2. Yanoff M, Rawson AJ. Peliosis hepatis. an anatomic study with demonstration of two varieties. Arch Pathol 1964;77:159-165. 14088761.
pmid
3. Radin DR, Kanel GC. Peliosis hepatis in a patient with human immunodeficiency virus infection. AJR Am J Roentgenol 1991;156:91-92. 1845436.
crossref pmid
4. Ahsan N, Holman MJ, Riley TR, Abendroth CS, Langhoff EG, Yang HC. Peloisis hepatis due to Bartonella henselae in transplantation: a hemato-hepato-renal syndrome. Transplantation 1998;65:1000-1003. 9565109.
crossref pmid
5. Bagheri SA, Boyer JL. Peliosis hepatis associated with androgenicanabolic steroid therapy. A severe form of hepatic injury. Ann Intern Med 1974;81:610-618. 4423214.
crossref pmid
6. van Erpecum KJ, Janssens AR, Kreuning J, Ruiter DJ, Kroon HM, Grond AJ. Generalized peliosis hepatis and cirrhosis after long-term use of oral contraceptives. Am J Gastroenterol 1988;83:572-575. 3129933.
pmid
7. Atila K, Coker A, Uçar D, Karademir S, Sağol O, Astarcioğlu H, et al. A rare clinical entity misdiagnosed as a tumor: peliosis hepatis. Ulus Travma Acil Cerrahi Derg 2007;13:149-153. 17682959.
pmid
8. Khadilkar UN, Prabhu S, Sharma D. Peliosis hepatis presenting as hemoperitoneum. Indian J Med Sci 2008;62:236-237. 18603741.
crossref pmid
9. Hyodo M, Mogensen AM, Larsen PN, Wettergren A, Rasmussen A, Kirkegaard P, et al. Idiopathic extensive peliosis hepatis treated with liver transplantation. J Hepatobiliary Pancreat Surg 2004;11:371-374. 15549441.
crossref pmid
10. Haboubi NY, Ali HH, Whitwell HL, Ackrill P. Role of endothelial cell injury in the spectrum of azathioprine-induced liver disease after renal transplant: light microscopy and ultrastructural observations. Am J Gastroenterol 1988;83:256-261. 3278593.
pmid
11. Tsokos M, Erbersdobler A. Pathology of peliosis. Forensic Sci Int 2005;149:25-33. 15734106.
crossref pmid
12. Nesher G, Dollberg L, Zimran A, Hershko C. Hepatosplenic peliosis after danazol and glucocorticoids for ITP. N Engl J Med 1985;312:242-243. 4038421.

13. Vignaux O, Legmann P, de Pinieux G, Chaussade S, Spaulding C, Couturier D, et al. Hemorrhagic necrosis due to peliosis hepatis: imaging findings and pathological correlation. Eur Radiol 1999;9:454-456. 10087115.
crossref pmid
14. Testa G, Panaro F, Sankary H, Chejfec G, Mohanty S, Benedetti E, et al. Peliosis hepatis in a living related liver transplantation donor candidate. J Gastroenterol Hepatol 2006;21:1075-1077. 16725002.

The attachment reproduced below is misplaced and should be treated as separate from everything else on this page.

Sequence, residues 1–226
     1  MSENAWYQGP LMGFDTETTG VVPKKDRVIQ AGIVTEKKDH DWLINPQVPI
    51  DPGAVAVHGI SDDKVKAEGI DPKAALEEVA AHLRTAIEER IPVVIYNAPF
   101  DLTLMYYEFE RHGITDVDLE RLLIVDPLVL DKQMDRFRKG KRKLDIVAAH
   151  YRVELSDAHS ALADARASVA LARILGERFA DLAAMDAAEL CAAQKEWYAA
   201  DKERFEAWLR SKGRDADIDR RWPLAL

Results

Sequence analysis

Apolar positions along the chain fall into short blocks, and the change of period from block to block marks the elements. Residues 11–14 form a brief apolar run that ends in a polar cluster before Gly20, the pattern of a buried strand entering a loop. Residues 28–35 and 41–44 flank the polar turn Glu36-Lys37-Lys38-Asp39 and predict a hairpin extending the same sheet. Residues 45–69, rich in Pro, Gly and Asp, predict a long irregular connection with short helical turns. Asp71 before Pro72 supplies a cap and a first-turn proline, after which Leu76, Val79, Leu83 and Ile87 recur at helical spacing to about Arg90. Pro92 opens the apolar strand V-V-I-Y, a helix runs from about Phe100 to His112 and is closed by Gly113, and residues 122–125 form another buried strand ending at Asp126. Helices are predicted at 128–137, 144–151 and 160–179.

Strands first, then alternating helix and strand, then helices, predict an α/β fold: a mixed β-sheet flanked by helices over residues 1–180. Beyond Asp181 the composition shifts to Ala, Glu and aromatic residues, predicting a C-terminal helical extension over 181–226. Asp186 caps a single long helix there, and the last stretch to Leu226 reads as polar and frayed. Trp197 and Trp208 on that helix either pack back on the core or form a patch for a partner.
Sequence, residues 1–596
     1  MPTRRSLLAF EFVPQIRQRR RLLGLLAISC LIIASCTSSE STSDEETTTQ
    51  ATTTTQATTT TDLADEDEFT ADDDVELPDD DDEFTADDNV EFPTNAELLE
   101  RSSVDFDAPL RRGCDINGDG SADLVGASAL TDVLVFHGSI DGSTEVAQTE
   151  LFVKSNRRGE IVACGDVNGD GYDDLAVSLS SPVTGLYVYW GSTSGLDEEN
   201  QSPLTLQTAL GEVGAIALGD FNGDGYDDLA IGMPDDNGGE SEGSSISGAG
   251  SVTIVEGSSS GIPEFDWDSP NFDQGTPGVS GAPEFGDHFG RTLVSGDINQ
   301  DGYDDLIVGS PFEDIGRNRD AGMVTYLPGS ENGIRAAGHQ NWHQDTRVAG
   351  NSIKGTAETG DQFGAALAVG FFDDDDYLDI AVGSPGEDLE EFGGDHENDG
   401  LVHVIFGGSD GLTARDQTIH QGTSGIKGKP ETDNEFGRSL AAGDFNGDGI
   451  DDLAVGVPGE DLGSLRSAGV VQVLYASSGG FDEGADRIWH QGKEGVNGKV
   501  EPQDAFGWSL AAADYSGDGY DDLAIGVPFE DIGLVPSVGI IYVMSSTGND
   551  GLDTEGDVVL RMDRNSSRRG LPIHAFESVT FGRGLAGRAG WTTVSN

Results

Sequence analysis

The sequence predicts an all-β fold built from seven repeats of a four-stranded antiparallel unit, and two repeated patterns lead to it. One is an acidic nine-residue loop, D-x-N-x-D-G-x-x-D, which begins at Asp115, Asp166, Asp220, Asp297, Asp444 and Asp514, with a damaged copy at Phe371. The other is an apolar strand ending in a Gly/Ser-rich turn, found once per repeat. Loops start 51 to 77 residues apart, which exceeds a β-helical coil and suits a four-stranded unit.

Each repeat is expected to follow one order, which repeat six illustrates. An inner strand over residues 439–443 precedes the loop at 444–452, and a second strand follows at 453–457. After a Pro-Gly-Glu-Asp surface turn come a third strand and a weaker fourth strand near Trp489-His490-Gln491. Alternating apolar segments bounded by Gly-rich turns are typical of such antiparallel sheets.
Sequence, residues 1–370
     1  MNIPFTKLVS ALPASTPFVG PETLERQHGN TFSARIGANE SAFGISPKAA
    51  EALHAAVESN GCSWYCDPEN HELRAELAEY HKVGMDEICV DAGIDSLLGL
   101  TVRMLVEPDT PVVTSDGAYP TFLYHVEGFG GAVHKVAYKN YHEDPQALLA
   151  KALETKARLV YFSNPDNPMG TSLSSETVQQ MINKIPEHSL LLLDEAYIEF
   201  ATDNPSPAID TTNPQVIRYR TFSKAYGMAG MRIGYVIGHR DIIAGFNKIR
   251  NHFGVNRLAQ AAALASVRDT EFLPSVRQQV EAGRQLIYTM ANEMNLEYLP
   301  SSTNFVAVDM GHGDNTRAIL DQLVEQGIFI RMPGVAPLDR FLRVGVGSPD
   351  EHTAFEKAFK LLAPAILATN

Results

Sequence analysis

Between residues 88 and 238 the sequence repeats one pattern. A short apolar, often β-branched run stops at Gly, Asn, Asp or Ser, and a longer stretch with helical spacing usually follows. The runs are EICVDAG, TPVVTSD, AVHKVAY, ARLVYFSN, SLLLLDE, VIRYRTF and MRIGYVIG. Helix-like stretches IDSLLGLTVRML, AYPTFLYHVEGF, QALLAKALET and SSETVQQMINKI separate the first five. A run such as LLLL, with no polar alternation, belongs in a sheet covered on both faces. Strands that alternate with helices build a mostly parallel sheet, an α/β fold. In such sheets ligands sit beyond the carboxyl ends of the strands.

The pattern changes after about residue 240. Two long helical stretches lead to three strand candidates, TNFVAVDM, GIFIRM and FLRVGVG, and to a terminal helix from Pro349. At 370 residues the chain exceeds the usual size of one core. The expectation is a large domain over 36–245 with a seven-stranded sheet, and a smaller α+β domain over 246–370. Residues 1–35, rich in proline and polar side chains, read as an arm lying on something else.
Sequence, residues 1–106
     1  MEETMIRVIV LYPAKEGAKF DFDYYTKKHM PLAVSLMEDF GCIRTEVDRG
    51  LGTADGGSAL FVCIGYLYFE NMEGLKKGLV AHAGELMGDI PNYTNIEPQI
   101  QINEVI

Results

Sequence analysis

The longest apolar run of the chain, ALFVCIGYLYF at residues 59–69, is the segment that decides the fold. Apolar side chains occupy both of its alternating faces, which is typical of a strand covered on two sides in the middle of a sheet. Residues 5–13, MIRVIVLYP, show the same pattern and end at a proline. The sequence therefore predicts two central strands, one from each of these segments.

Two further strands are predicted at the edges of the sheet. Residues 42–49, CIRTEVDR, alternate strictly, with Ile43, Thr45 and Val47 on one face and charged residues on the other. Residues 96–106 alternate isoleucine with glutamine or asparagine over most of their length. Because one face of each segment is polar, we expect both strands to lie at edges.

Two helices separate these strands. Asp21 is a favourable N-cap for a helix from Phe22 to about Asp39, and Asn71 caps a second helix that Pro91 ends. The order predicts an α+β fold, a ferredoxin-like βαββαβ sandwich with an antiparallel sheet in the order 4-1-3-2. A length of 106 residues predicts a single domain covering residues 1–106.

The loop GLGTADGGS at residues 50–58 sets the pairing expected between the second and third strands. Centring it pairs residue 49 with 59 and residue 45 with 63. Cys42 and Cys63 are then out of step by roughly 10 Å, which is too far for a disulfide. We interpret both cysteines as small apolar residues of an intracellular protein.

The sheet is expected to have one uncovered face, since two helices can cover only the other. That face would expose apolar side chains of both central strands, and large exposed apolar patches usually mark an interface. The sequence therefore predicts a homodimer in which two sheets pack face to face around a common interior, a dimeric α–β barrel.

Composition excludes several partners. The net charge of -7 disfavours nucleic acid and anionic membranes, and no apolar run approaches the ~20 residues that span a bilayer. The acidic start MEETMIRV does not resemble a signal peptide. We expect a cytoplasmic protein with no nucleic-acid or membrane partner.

crossref pmid
15. Kim SH, Lee JM, Kim WH, Han JK, Lee JY, Choi BI. Focal peliosis hepatis as a mimicker of hepatic tumors: radiological-pathological correlation. J Comput Assist Tomogr 2007;31:79-85. 17259837.
crossref pmid
16. Iannaccone R, Federle MP, Brancatelli G, Matsui O, Fishman EK, Narra VR, et al. Peliosis hepatis: spectrum of imaging findings. AJR Am J Roentgenol 2006;187:W43-W52. 16794138.
crossref pmid
17. Steinke K, Terraciano L, Wiesner W. Unusual cross-sectional imaging findings in hepatic peliosis. Eur Radiol 2003;13:1916-1919. 12942295.
crossref pmid
18. Lafon ME, Bioulac-Sage P, Balabaud C. Hepatic fibrosis in patients with idiopathic thrombocytopenic purpura. Liver 1988;8:24-27. 3367705.
crossref pmid
19. Lafon ME, Bioulac-Sage P, Grimaud JA, Boussarie L, Merlio JP, Reiffers J, et al. Perisinusoidal fibrosis of the liver in patients with thrombocytopenic purpura. Virchows Arch A Pathol Anat Histopathol 1987;411:553-559. 3118564.
crossref pmid
20. Sanz-Canalejas L, Gomez-Mampaso E, Canton-Moreno R, Varona-Crespo C, Fortun J, Dronda F. Peliosis hepatis due to disseminated tuberculosis in a patient with AIDS. Infection 2013;42:185-189. 23765512.
crossref pmid
Figure 1

Axial contrast-enhanced CT images. (A, B) Axial contrast-enhanced CT images obtained in the late arterial and portal venous phases show heterogeneous enhancement of the hepatic parenchyma with a mosaic perfusion pattern. (C) Axial contrast-enhanced CT image obtained in the equilibrium phase shows progressive enhancement isoattenuating to vessels.


cmh-21-387-g001.jpg
Figure 2

Transverse contrast-enhanced MRI. (A) Transverse T1-weighted MRI image obtained before injecting contrast material depicts ill-defined hypointense lesions in both liver lobes (arrows). (B) Transverse contrast-enhanced MRI image obtained in the portal venous phase shows heterogeneous enhancement of the hepatic parenchyma. (C) Axial fat-suppressed T2-weighted MRI image and a coronal heavily T2-weighted MRI image show hepatomegaly and multiple ill-defined lesions with heterogeneous signal intensities in both liver lobes (arrows).


cmh-21-387-g002.jpg
Figure 3

Microscopy findings of a biopsied liver specimen: (A) Severely dilated sinusoids (×40, HE), (B) Sinusoidal occlusion with loose fibrous tissue (×40, HE), and (C, D) Perisinusoidal fibrosis (blue, ×100, TRC).


cmh-21-387-g003.jpg
TOOLS
PDF Links  PDF Links
PubReader  PubReader
ePub Link  ePub Link
Full text via DOI  Full text via DOI
Download Citation  Download Citation
CrossRef TDM  CrossRef TDM
  E-Mail
  Print
Share:      
METRICS
2
Crossref
0
Scopus
6,502
View
92
Download
Related article
Editorial Office
The Korean Association for the Study of the Liver
Room A1210, 53 Mapo-daero(MapoTrapalace, Dowha-dong), Mapo-gu, Seoul, 04158, Korea
TEL: +82-2-703-0051   FAX: +82-2-703-0071    E-mail: kasl@kams.or.kr
About |  Browse Articles |  Current Issue |  For Authors and Reviewers
Copyright © The Korean Association for the Study of the Liver. All rights reserved.         
COUNTER
TODAY : 450
TOTAL : 263556